Experiments in Immediate Benefit in Animals’ Welfare Juxtaposition of articles and columns in the national press sometimes tells of journalistic nudges and hints – and of partiality without risk – so the Guardian’s page on 22 July 2008 revealed spacing and placing with interesting intent by running its column headed “Animal testing rise to be allied to GM experiments” alongside a bigger piece entitled “Drug trial hope for men with prostate cancer”, which in its headline described “Treatment shows promise against aggressive illness.”
Dr Johann de Bono, lead researcher of trials begun at the Royal Marsden hospital, London, described the treatment as "spectacularly active – we believe we have made a major step forward in treating patients who have failed all other treatments". The promising results raise hopes that the drug, called abiraterone, may be widely available within three years. Some of the patients in the trial have been able to come off the morphine they had been taking for pain relief. Scans showed that tumors considered untreatable had shrunk - including those that had spread to bone and other tissues. Men with advanced prostate cancer, which kills 12,000 in the UK every year, are not expected to live more than 12 to 18 months after chemotherapy. "We have patients still in the trial who started in December 2005 and are still doing well two and a half years later.” Side effects so far “seem to be mild, the most common being weight gain and fatigue,” says Dr de Bono.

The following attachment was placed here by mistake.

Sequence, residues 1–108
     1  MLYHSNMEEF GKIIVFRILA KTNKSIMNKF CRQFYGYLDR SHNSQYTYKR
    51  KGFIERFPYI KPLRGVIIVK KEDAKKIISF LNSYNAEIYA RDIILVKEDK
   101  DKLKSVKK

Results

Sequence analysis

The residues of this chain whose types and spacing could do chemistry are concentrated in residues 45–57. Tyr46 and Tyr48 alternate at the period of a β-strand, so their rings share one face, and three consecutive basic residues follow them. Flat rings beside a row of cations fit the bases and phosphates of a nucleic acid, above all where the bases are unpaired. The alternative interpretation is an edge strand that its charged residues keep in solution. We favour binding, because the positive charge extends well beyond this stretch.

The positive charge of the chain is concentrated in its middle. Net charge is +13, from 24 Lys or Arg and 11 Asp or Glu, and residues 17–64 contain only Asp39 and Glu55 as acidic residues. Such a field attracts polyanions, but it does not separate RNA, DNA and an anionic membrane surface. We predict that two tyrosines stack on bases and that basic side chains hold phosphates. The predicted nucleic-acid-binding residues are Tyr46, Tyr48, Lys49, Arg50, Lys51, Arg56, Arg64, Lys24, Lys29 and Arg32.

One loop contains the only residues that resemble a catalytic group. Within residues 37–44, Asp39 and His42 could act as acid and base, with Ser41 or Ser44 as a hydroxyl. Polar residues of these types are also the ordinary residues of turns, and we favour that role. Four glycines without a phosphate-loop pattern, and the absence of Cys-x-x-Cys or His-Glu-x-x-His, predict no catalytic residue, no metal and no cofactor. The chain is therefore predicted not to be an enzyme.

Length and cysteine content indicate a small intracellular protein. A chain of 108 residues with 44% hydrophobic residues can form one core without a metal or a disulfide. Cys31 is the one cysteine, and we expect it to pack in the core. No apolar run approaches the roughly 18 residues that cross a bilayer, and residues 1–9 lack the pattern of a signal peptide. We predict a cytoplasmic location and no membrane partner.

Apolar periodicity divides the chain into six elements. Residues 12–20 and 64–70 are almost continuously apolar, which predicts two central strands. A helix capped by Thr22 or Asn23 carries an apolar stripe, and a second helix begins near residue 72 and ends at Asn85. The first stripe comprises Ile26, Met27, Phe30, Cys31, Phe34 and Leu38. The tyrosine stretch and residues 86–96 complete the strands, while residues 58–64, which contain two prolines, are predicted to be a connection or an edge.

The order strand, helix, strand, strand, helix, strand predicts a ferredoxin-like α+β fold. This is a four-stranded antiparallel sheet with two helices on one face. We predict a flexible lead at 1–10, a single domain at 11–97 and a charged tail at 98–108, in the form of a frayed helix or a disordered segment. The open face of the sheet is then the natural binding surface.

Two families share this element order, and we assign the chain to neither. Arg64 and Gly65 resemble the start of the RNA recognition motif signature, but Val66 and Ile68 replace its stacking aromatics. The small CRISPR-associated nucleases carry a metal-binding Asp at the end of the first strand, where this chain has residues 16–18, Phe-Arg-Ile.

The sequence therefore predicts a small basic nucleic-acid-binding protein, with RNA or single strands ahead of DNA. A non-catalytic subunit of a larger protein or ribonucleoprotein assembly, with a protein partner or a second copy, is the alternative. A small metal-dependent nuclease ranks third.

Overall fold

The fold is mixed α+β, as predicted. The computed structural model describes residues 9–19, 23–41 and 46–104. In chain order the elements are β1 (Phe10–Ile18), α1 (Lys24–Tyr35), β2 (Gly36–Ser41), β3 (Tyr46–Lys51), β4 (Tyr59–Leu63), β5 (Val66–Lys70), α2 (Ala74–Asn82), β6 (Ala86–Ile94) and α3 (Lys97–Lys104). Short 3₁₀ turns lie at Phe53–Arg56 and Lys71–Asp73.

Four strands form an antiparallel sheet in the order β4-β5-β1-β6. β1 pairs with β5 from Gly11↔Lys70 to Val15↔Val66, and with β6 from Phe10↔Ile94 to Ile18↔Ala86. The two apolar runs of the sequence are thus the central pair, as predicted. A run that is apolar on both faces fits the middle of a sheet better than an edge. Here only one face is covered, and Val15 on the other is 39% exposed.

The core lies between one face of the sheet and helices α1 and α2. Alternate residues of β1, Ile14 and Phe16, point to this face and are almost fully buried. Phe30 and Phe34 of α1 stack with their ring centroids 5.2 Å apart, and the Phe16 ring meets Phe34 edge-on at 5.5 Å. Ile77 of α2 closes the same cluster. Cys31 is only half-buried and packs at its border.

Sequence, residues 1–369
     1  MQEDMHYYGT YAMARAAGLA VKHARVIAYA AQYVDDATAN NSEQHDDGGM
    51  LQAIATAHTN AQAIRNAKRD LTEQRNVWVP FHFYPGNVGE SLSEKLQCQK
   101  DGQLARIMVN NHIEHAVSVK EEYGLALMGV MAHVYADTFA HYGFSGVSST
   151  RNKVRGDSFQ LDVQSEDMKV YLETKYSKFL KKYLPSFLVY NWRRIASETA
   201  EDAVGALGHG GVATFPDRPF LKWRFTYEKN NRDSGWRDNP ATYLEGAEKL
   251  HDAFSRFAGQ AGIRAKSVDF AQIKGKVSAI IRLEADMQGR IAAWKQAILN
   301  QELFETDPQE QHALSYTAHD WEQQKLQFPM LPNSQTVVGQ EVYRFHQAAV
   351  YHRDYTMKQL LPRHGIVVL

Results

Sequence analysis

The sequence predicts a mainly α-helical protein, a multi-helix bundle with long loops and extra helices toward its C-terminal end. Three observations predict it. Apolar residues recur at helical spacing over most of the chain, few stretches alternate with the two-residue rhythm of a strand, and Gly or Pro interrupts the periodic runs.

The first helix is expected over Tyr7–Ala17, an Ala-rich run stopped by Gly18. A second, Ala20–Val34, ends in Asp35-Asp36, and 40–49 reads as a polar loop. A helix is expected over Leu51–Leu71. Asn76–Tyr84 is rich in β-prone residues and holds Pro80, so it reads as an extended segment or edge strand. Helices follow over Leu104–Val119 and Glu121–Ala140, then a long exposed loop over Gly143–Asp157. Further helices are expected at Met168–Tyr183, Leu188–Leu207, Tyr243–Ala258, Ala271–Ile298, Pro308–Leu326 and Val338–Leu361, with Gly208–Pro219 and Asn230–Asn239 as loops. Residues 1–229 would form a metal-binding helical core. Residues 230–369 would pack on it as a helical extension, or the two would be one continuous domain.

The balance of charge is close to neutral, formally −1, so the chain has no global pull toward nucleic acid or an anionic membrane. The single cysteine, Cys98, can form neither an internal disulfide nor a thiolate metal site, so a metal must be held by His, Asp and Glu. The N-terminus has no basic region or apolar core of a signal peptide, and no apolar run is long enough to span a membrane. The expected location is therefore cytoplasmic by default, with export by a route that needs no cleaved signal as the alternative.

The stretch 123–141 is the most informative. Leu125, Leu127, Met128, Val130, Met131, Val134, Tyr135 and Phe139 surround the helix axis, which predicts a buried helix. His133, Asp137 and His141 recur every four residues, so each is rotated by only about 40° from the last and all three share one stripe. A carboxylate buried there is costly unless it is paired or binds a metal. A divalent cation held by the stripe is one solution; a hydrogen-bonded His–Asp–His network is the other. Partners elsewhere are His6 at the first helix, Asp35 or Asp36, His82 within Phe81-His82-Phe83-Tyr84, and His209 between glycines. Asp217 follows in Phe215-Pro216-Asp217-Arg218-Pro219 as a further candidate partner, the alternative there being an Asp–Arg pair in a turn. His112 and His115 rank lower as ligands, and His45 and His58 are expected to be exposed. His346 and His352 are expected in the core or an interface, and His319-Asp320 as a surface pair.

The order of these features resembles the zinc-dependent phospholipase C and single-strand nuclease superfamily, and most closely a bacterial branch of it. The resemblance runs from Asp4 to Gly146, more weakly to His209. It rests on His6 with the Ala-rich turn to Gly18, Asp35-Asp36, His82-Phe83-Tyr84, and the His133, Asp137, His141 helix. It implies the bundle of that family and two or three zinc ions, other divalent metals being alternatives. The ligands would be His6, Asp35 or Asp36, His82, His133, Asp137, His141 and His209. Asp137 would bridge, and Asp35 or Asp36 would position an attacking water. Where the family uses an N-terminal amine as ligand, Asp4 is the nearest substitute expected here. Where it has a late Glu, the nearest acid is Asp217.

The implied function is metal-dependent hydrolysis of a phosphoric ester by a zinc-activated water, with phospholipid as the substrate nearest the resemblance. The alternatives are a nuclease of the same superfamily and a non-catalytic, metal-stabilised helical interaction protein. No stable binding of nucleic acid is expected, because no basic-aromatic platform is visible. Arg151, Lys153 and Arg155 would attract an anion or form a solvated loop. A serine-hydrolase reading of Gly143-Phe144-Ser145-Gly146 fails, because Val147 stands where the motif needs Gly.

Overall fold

The drug has been tried worldwide by 250 men. A global trial of 1,200 is under way, which researchers hope will be followed by rapid licensing. Abiraterone is now being developed by a company in the USA called Cougar Biotechnology, which is funding the trials.
The adjoining report gave the number of scientific procedures carried out on animals in Britain. They rose by 6% last year to just over 3.2m. Most (83%) used rodents; the number of procedures involving monkeys was down 6%, with 3,125 being used. This year’s figures from the Home Office represent a sixth consecutive annual rise. The number of scientific procedures undertaken on animals is now 18% higher (nearly half a million more) than in the year 2000.
The number of animals used in these experiments was 3,125,826, of which there were 3,125 primates, 5,648 dogs, 13,820 rabbits and 281 horses.
The overall increase is due largely to the trend for researchers to use genetically modified mice and fish in experiments. Creating GM animals involves two steps of breeding, and these animals are counted in the figures as having undergone a scientific procedure. In 2007, 1.15 million GM animals were used, a rise of 11% on the previous year.
"As the volume of medical research increases, which we all want to see, then the overall volume of legitimate and useful animals experiments will increase despite steps taken to minimise their use," said the Liberal Democrat MP Dr Evan Harris, who is “a strong supporter of the regulated use of animals in scientific research.” He welcomed the use of more GM animals because he said it would make animal use more relevant to human diseases.